In journalism there is often a confusion of the two words pour and pore. One pours liquid from a decanter — one pores over a hitherto secret document. I see this all of the time, and sometimes wish I didn’t. A contrived example: “He eagerly poured over the communique from headquarters.” This mistake only works one way; no-one writes “The bartender pored more whiskey into the sot’s fingerprint-begrimed glass.” Here’s an example from the Financial Times in a headline, no less:
Why does this mistake escape the editors and proofreaders? Possibly because the error almost makes sense — I suppose one could imagine someone “pouring” their attention, if that attention is visualized as a metaphorical liquid; a bit of a stretch, but one which leads to errors in print.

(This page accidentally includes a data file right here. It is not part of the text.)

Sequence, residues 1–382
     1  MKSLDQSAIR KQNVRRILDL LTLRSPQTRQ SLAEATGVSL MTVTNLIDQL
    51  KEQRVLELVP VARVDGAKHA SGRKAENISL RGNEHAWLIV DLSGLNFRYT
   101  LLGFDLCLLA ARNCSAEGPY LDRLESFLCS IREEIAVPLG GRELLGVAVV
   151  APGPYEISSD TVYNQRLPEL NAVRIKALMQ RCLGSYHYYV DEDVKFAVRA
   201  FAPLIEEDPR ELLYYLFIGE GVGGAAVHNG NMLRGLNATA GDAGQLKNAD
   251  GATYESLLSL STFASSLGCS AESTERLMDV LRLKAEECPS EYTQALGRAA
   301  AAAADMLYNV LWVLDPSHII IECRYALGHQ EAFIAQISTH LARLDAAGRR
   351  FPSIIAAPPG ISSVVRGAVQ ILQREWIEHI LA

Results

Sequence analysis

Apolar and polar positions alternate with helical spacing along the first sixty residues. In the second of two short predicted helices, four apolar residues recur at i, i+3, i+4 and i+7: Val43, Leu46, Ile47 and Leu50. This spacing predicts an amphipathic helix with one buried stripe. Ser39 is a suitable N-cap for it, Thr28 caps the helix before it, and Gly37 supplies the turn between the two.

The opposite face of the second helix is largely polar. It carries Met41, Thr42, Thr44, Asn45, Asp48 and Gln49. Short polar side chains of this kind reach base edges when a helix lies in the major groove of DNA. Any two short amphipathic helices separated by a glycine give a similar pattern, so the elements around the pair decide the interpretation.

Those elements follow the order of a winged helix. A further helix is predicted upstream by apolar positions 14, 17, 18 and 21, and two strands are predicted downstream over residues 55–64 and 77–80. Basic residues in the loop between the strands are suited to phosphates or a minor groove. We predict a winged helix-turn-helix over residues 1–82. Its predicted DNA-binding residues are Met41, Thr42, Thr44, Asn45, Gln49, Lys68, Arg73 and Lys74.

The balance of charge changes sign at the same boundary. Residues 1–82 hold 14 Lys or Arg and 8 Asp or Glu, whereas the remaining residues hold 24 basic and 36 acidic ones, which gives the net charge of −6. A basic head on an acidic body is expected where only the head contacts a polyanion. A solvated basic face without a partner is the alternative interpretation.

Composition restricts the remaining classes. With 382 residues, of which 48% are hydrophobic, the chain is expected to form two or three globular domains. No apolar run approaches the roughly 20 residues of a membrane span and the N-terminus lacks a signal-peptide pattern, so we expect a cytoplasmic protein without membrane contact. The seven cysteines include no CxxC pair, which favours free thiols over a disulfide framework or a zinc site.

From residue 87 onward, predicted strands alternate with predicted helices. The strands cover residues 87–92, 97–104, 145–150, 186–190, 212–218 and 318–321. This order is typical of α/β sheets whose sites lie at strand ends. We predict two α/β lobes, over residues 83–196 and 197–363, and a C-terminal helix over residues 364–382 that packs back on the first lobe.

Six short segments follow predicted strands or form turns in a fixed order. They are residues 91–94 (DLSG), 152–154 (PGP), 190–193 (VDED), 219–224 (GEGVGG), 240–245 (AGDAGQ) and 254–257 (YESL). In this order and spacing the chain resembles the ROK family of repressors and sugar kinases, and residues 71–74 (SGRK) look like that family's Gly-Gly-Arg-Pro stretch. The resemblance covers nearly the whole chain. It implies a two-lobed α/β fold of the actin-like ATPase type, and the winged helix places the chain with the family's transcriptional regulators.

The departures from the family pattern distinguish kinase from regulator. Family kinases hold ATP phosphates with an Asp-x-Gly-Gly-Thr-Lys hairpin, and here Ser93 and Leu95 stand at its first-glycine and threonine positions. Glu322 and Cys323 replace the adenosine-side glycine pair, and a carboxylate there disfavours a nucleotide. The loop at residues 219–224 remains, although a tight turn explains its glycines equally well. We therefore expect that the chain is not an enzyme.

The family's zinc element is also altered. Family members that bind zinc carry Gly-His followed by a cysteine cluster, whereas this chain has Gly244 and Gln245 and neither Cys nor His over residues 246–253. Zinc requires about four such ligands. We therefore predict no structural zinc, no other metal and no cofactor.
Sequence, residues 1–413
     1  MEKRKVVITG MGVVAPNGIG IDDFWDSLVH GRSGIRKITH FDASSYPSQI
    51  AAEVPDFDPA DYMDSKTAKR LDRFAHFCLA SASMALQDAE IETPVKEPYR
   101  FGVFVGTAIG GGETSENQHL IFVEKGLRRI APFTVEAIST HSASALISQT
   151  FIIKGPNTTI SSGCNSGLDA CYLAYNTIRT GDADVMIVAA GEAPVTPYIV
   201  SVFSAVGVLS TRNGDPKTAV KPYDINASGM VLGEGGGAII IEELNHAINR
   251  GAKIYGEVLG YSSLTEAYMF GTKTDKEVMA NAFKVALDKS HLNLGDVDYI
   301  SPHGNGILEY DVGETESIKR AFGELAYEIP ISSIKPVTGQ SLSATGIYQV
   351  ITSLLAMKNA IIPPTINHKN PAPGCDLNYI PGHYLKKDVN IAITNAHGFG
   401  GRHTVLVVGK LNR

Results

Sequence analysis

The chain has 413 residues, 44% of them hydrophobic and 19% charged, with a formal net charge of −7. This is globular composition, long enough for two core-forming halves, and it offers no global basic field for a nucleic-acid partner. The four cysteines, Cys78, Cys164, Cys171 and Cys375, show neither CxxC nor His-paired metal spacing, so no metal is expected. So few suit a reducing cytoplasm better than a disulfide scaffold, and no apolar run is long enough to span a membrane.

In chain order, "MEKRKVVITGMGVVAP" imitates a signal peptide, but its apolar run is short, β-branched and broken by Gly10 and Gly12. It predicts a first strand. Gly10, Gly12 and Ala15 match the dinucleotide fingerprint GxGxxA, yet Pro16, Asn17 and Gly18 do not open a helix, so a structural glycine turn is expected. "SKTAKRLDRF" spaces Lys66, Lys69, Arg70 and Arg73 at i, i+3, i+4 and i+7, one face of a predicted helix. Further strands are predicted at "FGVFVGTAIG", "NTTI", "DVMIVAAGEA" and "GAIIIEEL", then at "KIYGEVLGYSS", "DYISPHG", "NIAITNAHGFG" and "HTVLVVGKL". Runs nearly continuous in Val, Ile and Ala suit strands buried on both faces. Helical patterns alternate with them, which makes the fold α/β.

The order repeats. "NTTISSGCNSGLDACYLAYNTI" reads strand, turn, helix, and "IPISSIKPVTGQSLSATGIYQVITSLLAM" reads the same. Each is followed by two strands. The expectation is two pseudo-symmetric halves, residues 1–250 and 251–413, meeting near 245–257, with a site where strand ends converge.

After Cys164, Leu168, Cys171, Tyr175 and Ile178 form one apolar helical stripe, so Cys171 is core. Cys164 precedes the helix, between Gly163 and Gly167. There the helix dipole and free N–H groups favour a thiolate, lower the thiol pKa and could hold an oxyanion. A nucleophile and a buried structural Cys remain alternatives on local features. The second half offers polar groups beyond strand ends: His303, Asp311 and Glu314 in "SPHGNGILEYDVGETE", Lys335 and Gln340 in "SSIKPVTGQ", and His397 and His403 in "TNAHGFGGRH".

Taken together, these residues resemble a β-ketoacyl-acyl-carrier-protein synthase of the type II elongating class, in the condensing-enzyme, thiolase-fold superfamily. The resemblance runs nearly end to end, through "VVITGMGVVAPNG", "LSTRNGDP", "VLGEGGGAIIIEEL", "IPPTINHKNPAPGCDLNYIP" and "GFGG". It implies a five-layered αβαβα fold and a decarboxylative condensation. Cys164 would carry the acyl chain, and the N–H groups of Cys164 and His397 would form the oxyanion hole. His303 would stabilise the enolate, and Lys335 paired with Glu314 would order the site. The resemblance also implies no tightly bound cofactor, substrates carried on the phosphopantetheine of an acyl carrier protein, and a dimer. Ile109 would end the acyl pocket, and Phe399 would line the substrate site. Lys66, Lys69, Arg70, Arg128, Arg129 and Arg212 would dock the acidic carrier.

When I first contemplated writing about this burning issue, which threatens Western civilization as we know it (just kidding!), the word solecism came to mind — but the word didn’t seem quite right. I did a bit of desultory research and came across this quote which explains why that word isn’t apropos:
Samuel Johnson once wrote:
A barbarism may be in one word; a solecism must be of more.
Just some early-morning musings…